The War on Christ

The War on Christ

(taken from Franciscan Action Network – FAN)

As we approach the end of the liturgical cycle this Sunday, we re-encounter the apocalyptic Gospel parable of the sheep and the goats. Apocalyptic writing, much like the harbingers of autumn, triggers our impending discomfort as the world transitions to a new reality. In our liturgical cycle, Jesus will be crowned King of the Universe, only after he “has destroyed every sovereignty and every authority and power.” So that God may be all in all, even the power of death will be destroyed. If we begin to listen to the news cycle around this time, however, we might suspect that Christ’s sovereignty was somehow in jeopardy. This is the time when listeners just start to hear pundits speak about a so-called “War on Christmas” (as if the love of God’s Incarnation would cease if Nativity scenes were not allowed on government property). Some have already taken it upon themselves to capitalize on their heroic role in “Saving Christmas,” while others have claimed that with the encroachment of the Christmas shopping season, the real war is on Thanksgiving. At the risk of contributing one more distraction to the very real wars that are going on in the Middle East, I would like to consider a very real assault that is being waged on America’s least ones. This assault on the poor might aptly be called a “War on Christ.”

The Sunday readings remind us that Christ, our Holy King, desires not sacrifice, but instead to be encountered through corporal works of mercy. Unfortunately, however, the sleek and the powerful have been working to obstruct just such encounters with the poor. Recently, a 90 year old WWII veteran was arrested in Fort Lauderdale, FL for feeding hungry homeless people. After one Ebola patient recently stepped on American soil, hysterical calls to close U.S. airports to West African air travel have threatened to prevent aid workers from responding to an epidemic that has already killed thousands. Last summer, 20,000 households were left thirsty when the city of Detroit, MI shut off its water, raised the rates on that water and began a transition towards private control of city water by a French based company. Even more recently, President Obama’s plan to relieve a few million families from deportations was delayed when a handful of Congressman adopted a Total War posture to block the nomination of a new Attorney General. Solitary confinement, an increasing practice in U.S. prisons, creates a total impossibility of communication and has been called a “torturous” practice by the Pope and psychological experts. If Christ is to be found in the least of our brothers and sisters, then why are frigid places like Anoka, MN declaring war on gay teens? Can we not even find Christ in our own children?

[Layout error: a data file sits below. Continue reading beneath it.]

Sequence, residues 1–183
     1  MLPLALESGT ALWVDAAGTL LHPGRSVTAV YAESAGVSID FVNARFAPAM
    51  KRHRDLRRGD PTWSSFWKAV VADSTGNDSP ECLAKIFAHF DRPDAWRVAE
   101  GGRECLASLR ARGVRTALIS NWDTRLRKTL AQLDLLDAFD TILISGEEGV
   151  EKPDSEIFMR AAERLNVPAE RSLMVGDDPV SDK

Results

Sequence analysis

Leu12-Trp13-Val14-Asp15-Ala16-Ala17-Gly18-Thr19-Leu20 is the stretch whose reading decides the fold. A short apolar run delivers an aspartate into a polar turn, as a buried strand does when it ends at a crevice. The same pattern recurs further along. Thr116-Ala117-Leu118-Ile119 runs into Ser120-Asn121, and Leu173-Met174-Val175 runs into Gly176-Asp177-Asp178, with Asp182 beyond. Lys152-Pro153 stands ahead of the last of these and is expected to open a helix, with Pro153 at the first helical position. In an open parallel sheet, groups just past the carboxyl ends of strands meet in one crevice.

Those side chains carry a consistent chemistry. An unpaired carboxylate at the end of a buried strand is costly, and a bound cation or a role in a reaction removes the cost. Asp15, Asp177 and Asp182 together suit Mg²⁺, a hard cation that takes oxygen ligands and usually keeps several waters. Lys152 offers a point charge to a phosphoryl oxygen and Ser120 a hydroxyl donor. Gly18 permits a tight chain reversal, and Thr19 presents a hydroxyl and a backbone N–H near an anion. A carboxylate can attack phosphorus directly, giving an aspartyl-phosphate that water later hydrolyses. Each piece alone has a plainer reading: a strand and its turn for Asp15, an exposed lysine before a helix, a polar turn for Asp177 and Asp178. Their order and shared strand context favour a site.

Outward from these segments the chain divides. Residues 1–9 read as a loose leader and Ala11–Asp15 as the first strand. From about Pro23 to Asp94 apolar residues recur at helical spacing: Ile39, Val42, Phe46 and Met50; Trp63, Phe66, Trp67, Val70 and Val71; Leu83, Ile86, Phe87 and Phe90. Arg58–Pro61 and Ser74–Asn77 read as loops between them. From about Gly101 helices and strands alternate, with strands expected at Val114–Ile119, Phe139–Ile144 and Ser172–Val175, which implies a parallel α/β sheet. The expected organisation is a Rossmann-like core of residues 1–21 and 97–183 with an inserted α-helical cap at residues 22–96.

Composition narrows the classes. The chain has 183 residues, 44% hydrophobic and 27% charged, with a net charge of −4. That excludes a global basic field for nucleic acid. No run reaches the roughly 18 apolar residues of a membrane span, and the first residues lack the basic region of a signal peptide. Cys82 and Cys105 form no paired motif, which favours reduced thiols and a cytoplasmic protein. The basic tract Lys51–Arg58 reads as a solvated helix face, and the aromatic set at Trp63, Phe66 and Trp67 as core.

While the Last Judgment might strike fear in the hearts of the unrepentant, its real purpose may better be seen as a piercing arrow aimed at the heart of indifference. The proverbial goats are not a people of perceived evil to be cast out like so many parents of LGBT youth. They are the sleek and strong who are likely waiting Christ out till the end time like a sports fan whose interest is only peaked during the playoffs, and only then if he is likely to be on the winning team’s bandwagon. Unfortunately for them, Christ the King is not a mascot for the sheep’s team or the goat’s team. On the playing field of life, Christ is the ball. We celebrate Christ as King because there is no victory without the ball. Apocalypse is nothing if not a reminder in the here and now to keep our eye on the ball. Yes, a Christmas season without Christ is like a game without a ball, a meaningless charade. However, the same can be said of every moment of every day. Therefore a “War on Christ” is an internal struggle. Those questions will not start “If the Son of Man comes…” but “When he comes…” Apocalypse only asks of us, “May God be all in all?” If the Lord is our shepherd, and we truly want nothing else, then our worthy struggle ends when only after we faithfully and emphatically say “Yes…we will begin inheriting the kingdom right now.”

Rhett Engelking
Director of Franciscan Earth Corps

Suggested Petitions:

May our eyes be opened to see the least of our brothers and sisters as God sees them… Let us pray

May we put our full trust in God that He is our Shepard and we shall not want… Let us pray

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